A Review of Lee Martin’s Telling Stories
March 19, 2018 § 4 Comments
By Debbie Hagan
Popular Mechanics was the only magazine my father ever read. In it were clever plans, such as turning a metal lunchbox into a radio, a VW Beetle into a travel trailer, and a coffee can into an electric doghouse heater. Actually, Dad made the latter, complete with a switch for turning the heater on and off from the house.
Like Dad, I was pretty good at following directions. I could bake just about anything in a cookbook, which gave me the idea that I could do anything—even write great short stories—if I just had the right directions. I was young and naïve when I began searching for good writing craft books. Most were disappointing, giving general advice, such as put your butt in the chair, write every day, read books, make the dictionary your friend, and so on. I really wanted specific directions.
I gave up searching for the writing cookbook, until I found Lee Martin’s Telling Stories: The Craft of Narrative and the Writing Life. It’s not really a writing cookbook. Actually, it’s better. In it are eighty brief chapters of solid advice for telling good stories—and some—not all—have step-by-step directions.
Martin begins with advice on how to create a great opener. He uses, as an example, the opening to Raymond Carver’s famous short story “Cathedral.” The narrator anxiously awaits the arrival of his wife’s former colleague who is blind. The narrator has never known anyone blind—only characters in movies. As his anxiety mounts, so does the reader’s, who’s worrying what will happen to this poor blind man when he finally arrives.
To create such a tension-filled beginning, Martin advises, “Write a line that’s already moving forward, that contains the story’s premise. Then establish the perspective of the main character so we know his or her position, as in: A blind man in my house was not something I looked forward to.” It’s simple, but powerful and strategic, as are the other lessons in this book.
While Martin gives some rather detailed step-by-step prompts, they don’t necessarily lead to a complete story soufflé. Mostly they’re short tricks and tips for building character, scene, detail, dialogue, and more. These exercises feel fresh and original, stemming, I assume, from Martin’s deep well of writing experience and literary knowledge. He is, of course, a premiere storyteller (Such a Life, Bright Forever), teaches in the MFA program at Ohio State University, and has been teaching writing for thirty-six years.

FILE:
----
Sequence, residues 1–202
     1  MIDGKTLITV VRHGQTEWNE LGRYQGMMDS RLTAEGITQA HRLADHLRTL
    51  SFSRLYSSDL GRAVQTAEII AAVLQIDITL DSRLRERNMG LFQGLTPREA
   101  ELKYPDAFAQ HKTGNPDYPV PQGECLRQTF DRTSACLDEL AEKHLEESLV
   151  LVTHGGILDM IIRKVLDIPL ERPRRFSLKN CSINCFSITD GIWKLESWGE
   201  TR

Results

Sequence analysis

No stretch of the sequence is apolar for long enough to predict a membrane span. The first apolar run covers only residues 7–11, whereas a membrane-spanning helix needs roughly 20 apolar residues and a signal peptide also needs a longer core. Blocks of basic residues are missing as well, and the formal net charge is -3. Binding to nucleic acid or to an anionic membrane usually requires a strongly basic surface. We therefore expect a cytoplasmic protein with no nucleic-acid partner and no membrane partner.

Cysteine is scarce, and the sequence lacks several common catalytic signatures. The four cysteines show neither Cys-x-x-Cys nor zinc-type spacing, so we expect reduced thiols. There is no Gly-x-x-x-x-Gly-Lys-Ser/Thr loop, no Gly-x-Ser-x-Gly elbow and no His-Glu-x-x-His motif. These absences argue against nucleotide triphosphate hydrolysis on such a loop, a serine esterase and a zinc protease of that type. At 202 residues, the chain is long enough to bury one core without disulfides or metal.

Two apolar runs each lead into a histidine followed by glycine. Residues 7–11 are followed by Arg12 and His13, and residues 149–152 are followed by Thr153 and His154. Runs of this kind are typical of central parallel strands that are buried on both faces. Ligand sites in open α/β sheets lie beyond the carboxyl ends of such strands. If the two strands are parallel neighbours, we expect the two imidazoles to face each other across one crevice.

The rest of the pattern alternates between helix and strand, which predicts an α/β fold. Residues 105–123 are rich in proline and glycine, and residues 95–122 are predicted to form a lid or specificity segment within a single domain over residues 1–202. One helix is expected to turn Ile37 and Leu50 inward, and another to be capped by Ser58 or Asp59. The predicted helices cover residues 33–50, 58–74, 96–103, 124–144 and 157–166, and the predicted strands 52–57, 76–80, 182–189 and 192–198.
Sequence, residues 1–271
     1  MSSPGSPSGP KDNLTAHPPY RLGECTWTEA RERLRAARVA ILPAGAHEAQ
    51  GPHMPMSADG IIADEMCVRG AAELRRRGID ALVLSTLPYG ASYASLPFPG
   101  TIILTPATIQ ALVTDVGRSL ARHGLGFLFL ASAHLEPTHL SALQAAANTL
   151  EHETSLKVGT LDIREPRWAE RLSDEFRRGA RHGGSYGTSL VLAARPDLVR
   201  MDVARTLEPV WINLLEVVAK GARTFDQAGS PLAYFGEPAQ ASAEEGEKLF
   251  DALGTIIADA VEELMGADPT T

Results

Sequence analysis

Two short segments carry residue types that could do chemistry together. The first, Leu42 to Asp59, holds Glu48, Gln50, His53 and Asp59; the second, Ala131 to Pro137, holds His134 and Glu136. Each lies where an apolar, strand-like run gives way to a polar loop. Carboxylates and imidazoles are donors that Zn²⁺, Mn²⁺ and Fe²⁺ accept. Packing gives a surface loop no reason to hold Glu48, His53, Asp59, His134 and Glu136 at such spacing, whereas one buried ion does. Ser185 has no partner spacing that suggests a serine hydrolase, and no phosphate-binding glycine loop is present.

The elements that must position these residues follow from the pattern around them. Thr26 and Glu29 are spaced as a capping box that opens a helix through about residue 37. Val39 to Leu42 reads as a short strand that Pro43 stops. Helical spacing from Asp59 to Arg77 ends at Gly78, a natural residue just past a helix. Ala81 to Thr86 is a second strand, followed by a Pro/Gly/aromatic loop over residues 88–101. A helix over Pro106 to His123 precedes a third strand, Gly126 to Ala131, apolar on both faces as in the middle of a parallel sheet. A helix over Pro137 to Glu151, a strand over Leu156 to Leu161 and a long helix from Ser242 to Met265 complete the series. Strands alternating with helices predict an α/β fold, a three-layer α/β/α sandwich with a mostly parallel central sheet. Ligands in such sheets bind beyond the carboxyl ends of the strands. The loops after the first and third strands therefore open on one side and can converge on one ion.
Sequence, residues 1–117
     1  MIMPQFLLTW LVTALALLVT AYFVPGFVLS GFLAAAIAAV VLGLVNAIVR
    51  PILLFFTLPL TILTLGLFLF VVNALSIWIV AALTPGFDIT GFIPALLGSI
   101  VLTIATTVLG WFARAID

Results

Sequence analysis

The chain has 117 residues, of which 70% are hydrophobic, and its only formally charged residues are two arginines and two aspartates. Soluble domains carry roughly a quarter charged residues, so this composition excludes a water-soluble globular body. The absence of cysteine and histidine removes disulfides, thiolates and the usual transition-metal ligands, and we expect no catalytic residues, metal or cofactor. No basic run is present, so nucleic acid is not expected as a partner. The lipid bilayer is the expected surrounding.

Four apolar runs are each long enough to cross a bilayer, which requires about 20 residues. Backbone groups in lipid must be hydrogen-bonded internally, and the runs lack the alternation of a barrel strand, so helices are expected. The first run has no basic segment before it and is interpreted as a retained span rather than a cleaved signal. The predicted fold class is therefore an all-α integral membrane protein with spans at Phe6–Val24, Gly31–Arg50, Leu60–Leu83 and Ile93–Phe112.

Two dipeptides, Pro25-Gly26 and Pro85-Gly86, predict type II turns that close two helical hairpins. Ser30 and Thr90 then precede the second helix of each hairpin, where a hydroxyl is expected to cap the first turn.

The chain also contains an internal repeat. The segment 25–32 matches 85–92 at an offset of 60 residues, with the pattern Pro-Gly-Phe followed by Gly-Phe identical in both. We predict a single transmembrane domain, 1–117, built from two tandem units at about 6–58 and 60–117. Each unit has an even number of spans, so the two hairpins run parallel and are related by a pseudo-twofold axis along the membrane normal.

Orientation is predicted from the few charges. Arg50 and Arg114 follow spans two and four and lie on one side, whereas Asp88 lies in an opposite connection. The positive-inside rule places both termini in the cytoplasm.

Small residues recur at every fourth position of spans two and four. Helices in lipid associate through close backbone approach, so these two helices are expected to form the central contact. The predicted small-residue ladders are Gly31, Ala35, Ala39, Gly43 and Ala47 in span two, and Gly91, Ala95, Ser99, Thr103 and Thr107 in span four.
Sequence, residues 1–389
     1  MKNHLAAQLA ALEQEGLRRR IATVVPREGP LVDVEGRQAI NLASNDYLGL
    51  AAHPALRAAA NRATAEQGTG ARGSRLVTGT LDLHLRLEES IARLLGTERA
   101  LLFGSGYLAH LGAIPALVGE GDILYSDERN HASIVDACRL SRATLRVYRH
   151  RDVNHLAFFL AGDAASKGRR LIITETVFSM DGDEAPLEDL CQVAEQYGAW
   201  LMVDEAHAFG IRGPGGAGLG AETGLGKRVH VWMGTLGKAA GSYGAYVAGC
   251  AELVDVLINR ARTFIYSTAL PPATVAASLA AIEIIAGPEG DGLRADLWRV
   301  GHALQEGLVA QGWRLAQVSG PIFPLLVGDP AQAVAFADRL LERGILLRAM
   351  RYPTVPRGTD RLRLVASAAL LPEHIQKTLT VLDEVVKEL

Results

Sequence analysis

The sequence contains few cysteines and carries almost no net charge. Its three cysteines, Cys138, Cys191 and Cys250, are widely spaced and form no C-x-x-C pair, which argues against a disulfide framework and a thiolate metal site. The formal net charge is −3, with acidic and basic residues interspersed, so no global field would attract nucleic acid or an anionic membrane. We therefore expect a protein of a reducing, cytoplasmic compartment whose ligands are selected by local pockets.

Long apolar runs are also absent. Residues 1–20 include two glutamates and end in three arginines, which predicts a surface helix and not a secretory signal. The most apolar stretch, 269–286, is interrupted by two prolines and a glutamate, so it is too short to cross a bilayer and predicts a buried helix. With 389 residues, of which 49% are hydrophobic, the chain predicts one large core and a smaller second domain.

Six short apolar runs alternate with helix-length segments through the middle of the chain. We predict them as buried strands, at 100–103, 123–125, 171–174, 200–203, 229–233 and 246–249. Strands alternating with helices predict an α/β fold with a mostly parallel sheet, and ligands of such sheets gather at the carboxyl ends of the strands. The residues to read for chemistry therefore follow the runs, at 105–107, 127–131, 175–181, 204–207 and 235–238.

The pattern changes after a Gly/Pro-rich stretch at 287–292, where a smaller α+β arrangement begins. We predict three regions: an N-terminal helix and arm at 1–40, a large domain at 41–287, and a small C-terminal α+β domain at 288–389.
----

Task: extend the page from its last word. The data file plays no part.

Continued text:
In this book, I’ve dog-eared several sections that I will revisit. One is “Using Photos in Memoir.” In my own writing classes, I ask students to bring in personal photographs to examine closely for details and deeper meaning. As Martin says, a photograph “not only immerses you in the time period; it also provides an emotional connection between you and the people about whom you’re writing.” He gives a five-step guide for not only looking deeper into the photo, but analyzing it for scene, emotion, and metaphor. His way of guiding writers through this exercise is far better than mine, and I hope to borrow some of his ideas the next time I lead students through this exercise.
Another section I’ve referred back to is “Connecting the Particulars.” I love lyric essays, but struggle to write them. Martin more or less pulls back the curtain, giving us a glimpse at the foundation beneath the poetry. He leads readers through a step-by-step exercise, guiding writers to pull together dissimilar objects and people and mix them with abstract ideas. Initially I found this exercise a bit daunting and didn’t expect anything would come of it. However, once I brought my object, person, and idea together, there was a palpable resonance on the page. I had something—just a start—but often that’s all a writer needs to get going. That’s why this is better than a cookbook.
Martin combines writing tips with examples from literature and his own life and teachings. It’s a clever, warm-hearted book for writers of fiction or creative nonfiction. It could be used in creative writing classes or kept on the desk for those days one needs a little shot of inspiration.
I’ve learned from Martin’s website, he’s a fan of this quote from Isak Dinesen: “Write a little every day, without hope, without despair.” Throughout this handy, inspirational book, Martin gently urges writers forward and not to give up.
Debbie Hagan is book reviews editor for Brevity and author of Against the Tide (Hamilton Books, 2004). Her essays have appeared in Harvard Review, Hyperallergic, Pleiades, Superstition Review, Brain, Child, and many other publications. She’s a visiting lecturer at the Massachusetts College of Art and Design.